Remark 2.3 Note that the testing sequence of the given switching law in Lemma 2.2 is not necessarily associated with a set of strict contractions although the composite , for , defines a composite strict contraction of non-necessarily strictly contractive self-mappings. The composite sequences for , where , are not necessarily associated with a composite strict contraction. Note also that the testing sequence is not unique for a given switching law since the only requirement is that it be strictly increasing with a maximum prescribed, but arbitrary, separation in-between any two adjacent elements of such a sequence.
Remark 2.4 Lemma 2.2 can be fulfilled, in general, by non-unique sequences of a given switching law in Lemma 2.2 as well as non-unique associated , μ and . A typical case occurs when the switching law consists of strict contractions or converges to a sequence of strict contractions. Those ones can be grouped individually in the limit or this one may be a composite self-mapping of strict limit contractions so that the next result follows.
- (i)There is a (in general, non-unique) decomposition of the composite in a maximum number of strict contractions , , with for the testing sequence , such that so that(2.20)
The decomposition (2.20) in a maximum number of strict contractions is unique if and only if the positive integer numbers , such that are unique. In particular, the decomposition (2.20) is unique if , .
- (iii)Assume that, furthermore, uniformly in X as for some , so that and , . Then the decomposition (2.20) is unique in a maximum number of strict contractions if and only if(2.21a)
since , where . Then with , being unique as well.
Proof Since the switching law is given, any strictly increasing sequence satisfying the constraints , and uniformly in X as for , with and being finite, imply that the composite-self-mapping is a composite self-mapping of at least one and at most strict contractions. So, the maximum number p of strict limit contractions in the composite for the sequence for for a given sequence S exists and satisfies (2.20). Property (i) follows. Uniqueness of the decomposition (2.20) holds if there is a unique , such that and , are strict contractions. In particular, the decomposition (2.16) is trivially unique if ; so that . Property (ii) has been proven.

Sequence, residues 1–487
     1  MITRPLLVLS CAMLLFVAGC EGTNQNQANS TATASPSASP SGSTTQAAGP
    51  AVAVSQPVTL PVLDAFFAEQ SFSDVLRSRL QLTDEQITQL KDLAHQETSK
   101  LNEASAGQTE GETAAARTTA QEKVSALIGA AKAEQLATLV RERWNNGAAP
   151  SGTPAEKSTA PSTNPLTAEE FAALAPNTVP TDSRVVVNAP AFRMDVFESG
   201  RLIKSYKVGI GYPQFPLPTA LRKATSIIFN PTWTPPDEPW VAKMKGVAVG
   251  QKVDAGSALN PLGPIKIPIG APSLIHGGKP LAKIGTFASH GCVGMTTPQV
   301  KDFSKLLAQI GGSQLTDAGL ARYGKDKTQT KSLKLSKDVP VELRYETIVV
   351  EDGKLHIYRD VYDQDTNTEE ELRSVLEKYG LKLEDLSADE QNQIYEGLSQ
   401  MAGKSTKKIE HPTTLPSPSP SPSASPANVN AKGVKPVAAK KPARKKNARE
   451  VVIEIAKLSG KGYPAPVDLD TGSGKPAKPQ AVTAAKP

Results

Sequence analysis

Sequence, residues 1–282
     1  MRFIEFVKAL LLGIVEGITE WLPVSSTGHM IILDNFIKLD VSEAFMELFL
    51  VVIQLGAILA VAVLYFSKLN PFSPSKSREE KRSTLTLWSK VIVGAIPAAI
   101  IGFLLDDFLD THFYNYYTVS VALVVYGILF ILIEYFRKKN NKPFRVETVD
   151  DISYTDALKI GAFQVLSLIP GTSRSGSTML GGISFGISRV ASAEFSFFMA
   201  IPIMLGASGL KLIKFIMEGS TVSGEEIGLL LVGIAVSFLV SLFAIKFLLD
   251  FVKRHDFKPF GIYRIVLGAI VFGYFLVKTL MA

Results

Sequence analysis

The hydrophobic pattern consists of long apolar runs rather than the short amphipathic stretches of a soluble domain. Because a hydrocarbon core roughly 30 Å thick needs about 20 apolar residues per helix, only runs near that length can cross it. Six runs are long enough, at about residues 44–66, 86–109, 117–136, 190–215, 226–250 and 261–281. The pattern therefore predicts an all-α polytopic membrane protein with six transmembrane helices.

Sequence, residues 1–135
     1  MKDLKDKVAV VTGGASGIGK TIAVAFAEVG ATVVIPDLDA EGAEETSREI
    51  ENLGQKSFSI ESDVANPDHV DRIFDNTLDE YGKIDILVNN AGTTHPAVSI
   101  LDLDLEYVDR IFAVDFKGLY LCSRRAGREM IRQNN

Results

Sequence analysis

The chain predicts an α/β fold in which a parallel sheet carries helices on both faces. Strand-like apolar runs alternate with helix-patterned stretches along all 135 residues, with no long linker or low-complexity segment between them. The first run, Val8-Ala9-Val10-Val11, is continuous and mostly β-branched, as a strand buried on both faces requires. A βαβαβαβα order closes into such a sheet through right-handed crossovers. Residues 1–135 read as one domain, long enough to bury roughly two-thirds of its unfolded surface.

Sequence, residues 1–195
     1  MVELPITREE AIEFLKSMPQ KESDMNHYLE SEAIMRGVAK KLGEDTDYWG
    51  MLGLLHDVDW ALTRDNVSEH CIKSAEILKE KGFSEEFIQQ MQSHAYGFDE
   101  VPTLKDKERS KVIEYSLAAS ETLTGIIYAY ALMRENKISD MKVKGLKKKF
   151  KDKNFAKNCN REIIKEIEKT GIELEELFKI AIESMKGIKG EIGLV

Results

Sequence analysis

and . Since (2.21a)-(2.21b) hold, , subject to exists so that is a unique strict contraction on X. Thus, either (2.21b) holds with and the sufficiency part of the property is already proven for with a strict contraction on X for or and (2.21a) holds for some integer . Necessity follows since if and is a strict contraction then for . Uniqueness is trivial since there is a single self-mapping in the decomposition of the composite self-mapping on X.
. The proof of sufficiency is proven by complete induction. Assume that (2.21a)-(2.21b) hold so that , subject to , has to exist so that is a unique strict contraction on X since exists such that exists, being a strict contraction on X. Set and note that and , , so that , then is a unique strict contraction on X for all and some such that the set of positive integers , subject to , is unique. Then the composite is a unique strict contraction, with , , and the positive integer is unique so that the set , subject to , is also unique and , for all and , and then the composite are unique and strictly contractive on X. The proof follows by complete induction, with the existence of a unique positive integer . Then with , being unique. Necessity follows since if (2.20) holds and (2.22) fails for some for a given then the factorization of the composite self-mapping on X, subject to , does not consist of strict contractions. Property (iii) has been proven. □
Note that the decomposition (2.20) of the composite on X is not unique, in general, and so it is not unique, in general, the decomposition (2.23). The decomposition (2.20) is unique if the testing S converges to a finite subsequence of strict contractions so that where p is the maximum number of strict contractions of the decomposition (2.20) and the numbers , are unique. Uniqueness holds in the case that and , .